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Trick or Treat? Soldier Says Saudi Tour is Kind of Halloween

October 31, 1990

IN EASTERN SAUDI ARABIA (AP) _ Trick or treat? It’s Halloween in the desert and that means pumpkins, parties and haunted tents for some American soldiers.

″Being here is kind of a Halloween in itself,″ cracked Staff Sgt. Charles Willis, 37, of St. Louis, Mo., an army computer repair expert who arrived in Saudi Arabia on Sept. 1.

For the more than 200,000 American troops in the gulf under Operation Desert Shield, Halloween is the first festival away from home and some units have tried to get in the spirit though others are too busy and have ignored it.

American-style trick or treating from door-to-door is out of the question in Saudi Arabia, but some GIs are reported planning Bedouin-style visitations - tent-to-tent.

At an airbase in eastern Saudi Arabia, a large pumpkin with a smiling red- painted face sits atop sandbag fortifications along the runway, greeting the latest additions to the multinational force arrayed against Iraq.

″Come out here tomorrow night and you’ll see the biggest Halloween party in the desert,″ Maj. Wally G. Vaughn, 35, of Sumter, S.C., told reporters Tuesday.

The Air Lift Control Element at McGuire Air Force Base in New Jersey, which is throwing the party, bought a pumpkin here. Local supermarkets are selling four-pound pumpkins for about $8.

Staff Sgt. Jeff Durkin, 26, a communications specialist, said some men in his unit had set up ″a haunted house,″ actually a haunted tent using ″special equipment.″ He refused to elaborate.

″We’ve got skeletons, jack-o’-lanterns. I’ve even seen some Christmas lights,″ he said.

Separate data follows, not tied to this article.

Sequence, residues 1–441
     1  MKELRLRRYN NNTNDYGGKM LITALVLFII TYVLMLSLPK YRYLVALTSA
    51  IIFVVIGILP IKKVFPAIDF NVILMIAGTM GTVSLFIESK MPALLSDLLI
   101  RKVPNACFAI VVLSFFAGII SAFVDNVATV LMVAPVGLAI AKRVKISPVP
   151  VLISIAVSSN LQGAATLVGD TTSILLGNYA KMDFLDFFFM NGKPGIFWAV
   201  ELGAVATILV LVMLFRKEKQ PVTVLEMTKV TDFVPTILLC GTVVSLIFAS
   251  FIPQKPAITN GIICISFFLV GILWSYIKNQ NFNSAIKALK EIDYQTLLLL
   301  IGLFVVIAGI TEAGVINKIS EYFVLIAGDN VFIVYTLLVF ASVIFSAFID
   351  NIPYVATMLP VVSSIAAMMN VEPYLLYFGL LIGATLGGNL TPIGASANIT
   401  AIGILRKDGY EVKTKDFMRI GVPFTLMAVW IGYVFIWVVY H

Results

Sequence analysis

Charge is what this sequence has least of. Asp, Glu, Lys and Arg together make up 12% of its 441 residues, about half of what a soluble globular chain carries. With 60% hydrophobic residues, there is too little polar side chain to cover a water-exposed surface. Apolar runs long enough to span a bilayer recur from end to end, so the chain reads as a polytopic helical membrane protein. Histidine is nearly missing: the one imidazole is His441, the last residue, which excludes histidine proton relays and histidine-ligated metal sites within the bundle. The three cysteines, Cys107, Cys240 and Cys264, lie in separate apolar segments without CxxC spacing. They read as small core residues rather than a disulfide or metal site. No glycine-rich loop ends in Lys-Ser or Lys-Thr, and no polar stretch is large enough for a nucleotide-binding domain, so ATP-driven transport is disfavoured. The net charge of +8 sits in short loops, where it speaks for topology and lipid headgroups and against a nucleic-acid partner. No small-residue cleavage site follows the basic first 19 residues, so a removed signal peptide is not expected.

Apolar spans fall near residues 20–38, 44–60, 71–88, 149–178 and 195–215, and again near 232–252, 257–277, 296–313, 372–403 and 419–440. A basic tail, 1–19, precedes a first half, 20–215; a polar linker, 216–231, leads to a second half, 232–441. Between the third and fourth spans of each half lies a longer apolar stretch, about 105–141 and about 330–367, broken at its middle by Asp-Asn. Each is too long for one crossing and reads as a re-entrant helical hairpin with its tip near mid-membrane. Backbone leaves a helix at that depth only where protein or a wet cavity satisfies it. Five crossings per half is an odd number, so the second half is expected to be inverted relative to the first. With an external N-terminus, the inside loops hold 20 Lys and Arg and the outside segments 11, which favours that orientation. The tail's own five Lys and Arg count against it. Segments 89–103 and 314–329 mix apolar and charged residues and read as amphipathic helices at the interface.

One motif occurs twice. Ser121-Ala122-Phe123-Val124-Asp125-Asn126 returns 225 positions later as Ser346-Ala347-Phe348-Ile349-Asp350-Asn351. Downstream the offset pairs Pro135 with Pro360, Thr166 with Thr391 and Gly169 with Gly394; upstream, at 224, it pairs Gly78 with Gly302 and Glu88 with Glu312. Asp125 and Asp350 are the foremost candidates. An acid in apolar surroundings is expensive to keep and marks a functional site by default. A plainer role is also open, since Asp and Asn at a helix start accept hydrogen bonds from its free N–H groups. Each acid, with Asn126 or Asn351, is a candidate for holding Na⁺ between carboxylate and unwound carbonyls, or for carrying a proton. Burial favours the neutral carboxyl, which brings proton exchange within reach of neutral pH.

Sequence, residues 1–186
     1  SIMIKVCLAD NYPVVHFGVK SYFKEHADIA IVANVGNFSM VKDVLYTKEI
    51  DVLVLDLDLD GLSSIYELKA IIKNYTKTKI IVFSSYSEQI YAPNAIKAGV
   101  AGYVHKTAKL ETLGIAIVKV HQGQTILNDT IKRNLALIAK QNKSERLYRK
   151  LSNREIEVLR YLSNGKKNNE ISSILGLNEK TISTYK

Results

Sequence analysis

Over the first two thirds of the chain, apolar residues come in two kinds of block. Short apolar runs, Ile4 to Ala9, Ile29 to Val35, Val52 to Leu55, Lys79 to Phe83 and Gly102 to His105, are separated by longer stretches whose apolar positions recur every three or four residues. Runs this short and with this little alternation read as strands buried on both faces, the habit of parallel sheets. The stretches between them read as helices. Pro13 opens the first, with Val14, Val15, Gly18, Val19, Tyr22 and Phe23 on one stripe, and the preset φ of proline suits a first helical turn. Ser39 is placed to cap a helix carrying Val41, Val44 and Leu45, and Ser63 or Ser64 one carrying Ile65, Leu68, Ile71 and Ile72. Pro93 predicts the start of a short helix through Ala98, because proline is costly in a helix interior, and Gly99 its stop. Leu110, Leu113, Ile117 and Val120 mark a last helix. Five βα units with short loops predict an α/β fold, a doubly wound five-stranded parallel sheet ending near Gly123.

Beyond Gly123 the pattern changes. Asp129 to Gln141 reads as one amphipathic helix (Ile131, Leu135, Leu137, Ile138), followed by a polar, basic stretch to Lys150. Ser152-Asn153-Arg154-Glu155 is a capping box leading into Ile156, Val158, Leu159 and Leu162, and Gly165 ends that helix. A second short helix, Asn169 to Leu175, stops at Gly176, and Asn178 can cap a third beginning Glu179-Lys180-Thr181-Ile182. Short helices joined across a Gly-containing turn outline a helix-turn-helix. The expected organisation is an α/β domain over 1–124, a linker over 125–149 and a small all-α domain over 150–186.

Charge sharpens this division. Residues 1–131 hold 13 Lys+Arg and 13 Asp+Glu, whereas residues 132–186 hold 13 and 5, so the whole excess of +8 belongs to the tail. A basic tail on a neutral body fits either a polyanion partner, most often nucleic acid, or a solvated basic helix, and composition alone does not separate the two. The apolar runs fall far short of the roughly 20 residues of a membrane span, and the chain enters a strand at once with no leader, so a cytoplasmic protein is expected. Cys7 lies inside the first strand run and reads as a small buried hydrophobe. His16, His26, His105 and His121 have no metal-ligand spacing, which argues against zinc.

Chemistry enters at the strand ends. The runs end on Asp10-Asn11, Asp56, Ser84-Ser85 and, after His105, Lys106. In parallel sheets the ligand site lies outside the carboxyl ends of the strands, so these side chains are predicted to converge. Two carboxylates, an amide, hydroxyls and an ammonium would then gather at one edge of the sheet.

Airman 1st Class Eric Hagen, 23, from St. Louis, Mo., said: ″One of the tents went bananas and put up ’cobwebs‴ made out of Christmas tree decorations.

″One guy got a package from home with a little pumpkin,″ he said.

But for Willis and many other soldiers, Halloween was just another working day in the Saudi desert. About 210,000 U.S. troops have been sent to the Persian Gulf region since Iraq’s Aug. 2 invasion of Kuwait.

″We’re thinking about it, but nobody’s really planning on it. Working 12 hours on, 12 off, two days on, one day off, it makes it kind of hard,″ he said.

″They do have a few air balloons hanging up in our tent, ghosts and bats and stuff,″ Willis said. ″I haven’t seen any pumpkins. I’ve seen a watermelon - if that comes close. I don’t know if we can carve a watermelon.″

Sgt. Kerry Wilkerson, 25, of Dallas, said his unit, the 595th Medical Company from Ft. Devon, Mass., was so busy setting up operations that ″they haven’t done anything for Halloween yet.″

Heading back to Germany after temporary duty here, Staff Sgt. Michael Walthers, 26, said: ″I’ll miss Halloween. Germany isn’t big on Halloween. ... I’ll be home for Thanksgiving and that’s what’s important.″

On the tarmac, a Tri-Star jet was letting out half the 52nd Engineer Battalion (Combat Heavy), from Ft. Carson, Colo.

″We didn’t bring any pumpkins,″ said Capt. Jeffrey Ogden, 29, of Ashland, N.H. ″We’re hoping they have them for us.″

Master Sgt. James Parsons, 37, of Brigham City, Utah, said he began his trick or treating on the plane to Saudi Arabia.

″The trick was to get here with 1 1/2 hours sleep, and the treat was arriving,″ he said.

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